Wednesday, December 9, 2009

Another Olympics Update

Running with my buddies Clint and Jamie this unusually brisk winter morning in our Mount Pleasant neighbourhood, we saw city workers moving concrete pylons and erecting barbed-wire perimeter fencing around the Olympic curling venue at Ontario and 33rd. My first thought was incredulity--who'd want to protest curling, except maybe those who didn't consider it a real sport, or its sometimes older and less-than-toned competitors real athletes? This was soon replaced by anger, as a block-and-a-bit later we ran by what remains of the Little Mountain social housing complex, which is being steadily demolished in advance of proposed redevelopment.

The stark juxtaposition of these two images brought to mind the second Pre-Games Results Report released by researchers at UBC last week. Part of a series of four "Olympic Games Impact Studies" mandated by the IOC (two prior to and two following upon the Games), the report concludes that the Olympics have so far had "a very slight positive impact." Mostly this has been felt in the area of athlete preparedness and competitiveness, with the federal government's "Own the Podium" campaign having successfully positioned Canadian 2010 Olympians to excel in their individual events next February. On the subject of homelessness and affordable housing, however, the report is far less laudatory, noting that reliable data suggests that homelessness in the city has more than doubled in advance of the games, that the legacy of 252 social housing units from the Olympic Village is in jeopardy, and that while statistics suggest the number of social-housing units per 1,000 people in Vancouver increased from 35.6 to 39.4 between 2001 and 2006, in Metro Vancouver it decreased from 22.3 to 21.8.

So much for the Inner-City Inclusivity Statement that all three levels of government signed back in 2002 committing them to a net increase in social housing and an elimination of street homelessness as a concrete legacy of the Games. In the following video posted to YouTube by Am Johal and the folks at the Impact on Community Coalition, we are reminded of just how many promises have been broken in advance of the Olympics (kudos to the IOCC gang for getting in some hard-hitting stats at the end of the video on the arts and culture cuts in BC):

Meanwhile, I read in the paper today that VANOC has signed a deal with Concord Pacific allowing it to use the vacant CP-owned lots on North False Creek between GM Place and Science World for official Olympics-related events. This solves an accessibility and security nightmare for VANOC at the 11th hour, brings CP on board as an "official supplier," and of course gives CP a public relations windfall in being able to do some advance marketing on the final piece (quite literally) of their post-Expo 86 redevelopment of the downtown core of Vancouver.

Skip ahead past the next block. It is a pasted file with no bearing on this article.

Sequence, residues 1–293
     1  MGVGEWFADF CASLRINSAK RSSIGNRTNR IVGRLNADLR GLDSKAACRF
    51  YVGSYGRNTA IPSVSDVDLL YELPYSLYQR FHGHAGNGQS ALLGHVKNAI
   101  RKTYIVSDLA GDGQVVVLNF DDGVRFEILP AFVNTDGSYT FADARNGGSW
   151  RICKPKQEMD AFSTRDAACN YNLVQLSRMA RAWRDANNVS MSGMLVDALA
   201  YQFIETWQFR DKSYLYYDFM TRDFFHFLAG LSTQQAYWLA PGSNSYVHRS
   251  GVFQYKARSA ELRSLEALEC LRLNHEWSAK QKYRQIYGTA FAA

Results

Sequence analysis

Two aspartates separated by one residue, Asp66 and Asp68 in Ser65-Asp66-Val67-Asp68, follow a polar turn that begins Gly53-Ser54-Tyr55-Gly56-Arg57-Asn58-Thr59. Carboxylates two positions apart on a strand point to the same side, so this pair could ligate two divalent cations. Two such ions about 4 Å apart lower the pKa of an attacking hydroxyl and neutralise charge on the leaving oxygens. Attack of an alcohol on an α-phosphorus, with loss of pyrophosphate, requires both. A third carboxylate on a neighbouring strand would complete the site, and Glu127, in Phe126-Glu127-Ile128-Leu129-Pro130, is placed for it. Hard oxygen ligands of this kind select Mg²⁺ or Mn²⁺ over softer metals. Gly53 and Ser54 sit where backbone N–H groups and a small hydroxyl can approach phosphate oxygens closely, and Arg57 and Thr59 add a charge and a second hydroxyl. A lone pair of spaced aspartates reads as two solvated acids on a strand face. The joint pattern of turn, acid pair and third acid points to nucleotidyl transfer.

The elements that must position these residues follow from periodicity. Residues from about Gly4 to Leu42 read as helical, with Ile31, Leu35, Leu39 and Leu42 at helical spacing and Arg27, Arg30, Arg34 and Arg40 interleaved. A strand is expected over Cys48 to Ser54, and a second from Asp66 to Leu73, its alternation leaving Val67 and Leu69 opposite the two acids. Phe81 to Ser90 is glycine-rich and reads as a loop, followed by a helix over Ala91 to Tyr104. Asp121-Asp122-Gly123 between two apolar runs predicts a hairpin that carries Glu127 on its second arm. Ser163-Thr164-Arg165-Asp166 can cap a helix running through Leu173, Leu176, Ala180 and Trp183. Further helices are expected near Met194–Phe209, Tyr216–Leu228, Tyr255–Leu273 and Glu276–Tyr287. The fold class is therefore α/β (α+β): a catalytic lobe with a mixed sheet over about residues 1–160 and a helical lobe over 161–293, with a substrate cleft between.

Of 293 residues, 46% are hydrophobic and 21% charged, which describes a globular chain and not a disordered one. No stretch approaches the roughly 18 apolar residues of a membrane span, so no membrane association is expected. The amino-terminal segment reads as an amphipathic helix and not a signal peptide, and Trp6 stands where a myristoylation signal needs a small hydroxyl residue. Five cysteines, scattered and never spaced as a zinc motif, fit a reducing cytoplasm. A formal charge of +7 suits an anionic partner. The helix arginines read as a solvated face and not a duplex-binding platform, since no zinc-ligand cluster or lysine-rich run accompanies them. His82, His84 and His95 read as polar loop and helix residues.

And who says hallmark events like these don't benefit everyone?


1 comment:

Peter Morgan said...

If you actually read the Pre-Games Results Report, as I did for a news feature about it, you quickly realize that (a) the commentary is very heavily qualified with words such as "we believe", "we can't rule out", "arguably, the situation might be", and so on. Well, you can't rule it in then, and arguably, the situation might not be just as equally.

And whenever you see the word "believe" being used by a scientist you know he's got religion about the subject.

Out of 126 indicators the researchers were tracking that were selected to show if the Games were having any impact, the report notes that only a third of them held useful data in the study period, which only took in the first three years of VANOC's existence, and it was still in planning-and-research mode during those years, thus having very little effect outside of its office.

All of us reporters closely questioned Professor Rob VanWynsberghe, the report's author, about the net-housing-for-the-homeless data, and he agreed that because of the way it's collected, nobody, including opponents of the Games, can rely on it for accuracy. And, again the reminder that his study only used data up to, in most cases, 2006, but some into early 2007.

While he talks about the Olympic Village income-tested housing in his report, its financial problems, which were the result of decisions by the City of Vancouver, not VANOC, did not come to light until last spring, which is well outside of his study period, so you have to ask yourself why he commented on it at all.

As for Concord Pacific's sponsorship, don't forget it's paying VANOC to be a sponsor, not the other way around, and the private money (as opposed to public money) it's paying to VANOC, as well as the land it's providing for free as part of the deal, a total value in excess of $3 million, supports the operation of the Games, which in turn is mostly for athletes or Canadian cultural performances.

Doing that deal was simply a logical requirement of VANOC deciding to use the only facility in the Greater Vancouver area big enough to hold an Opening Ceremony. If you choose that facility, and you need a certain amount of staging area, then Concord is the only owner of undeveloped land nearby that's big enough.

It doesn't take a scientist to figure that one out.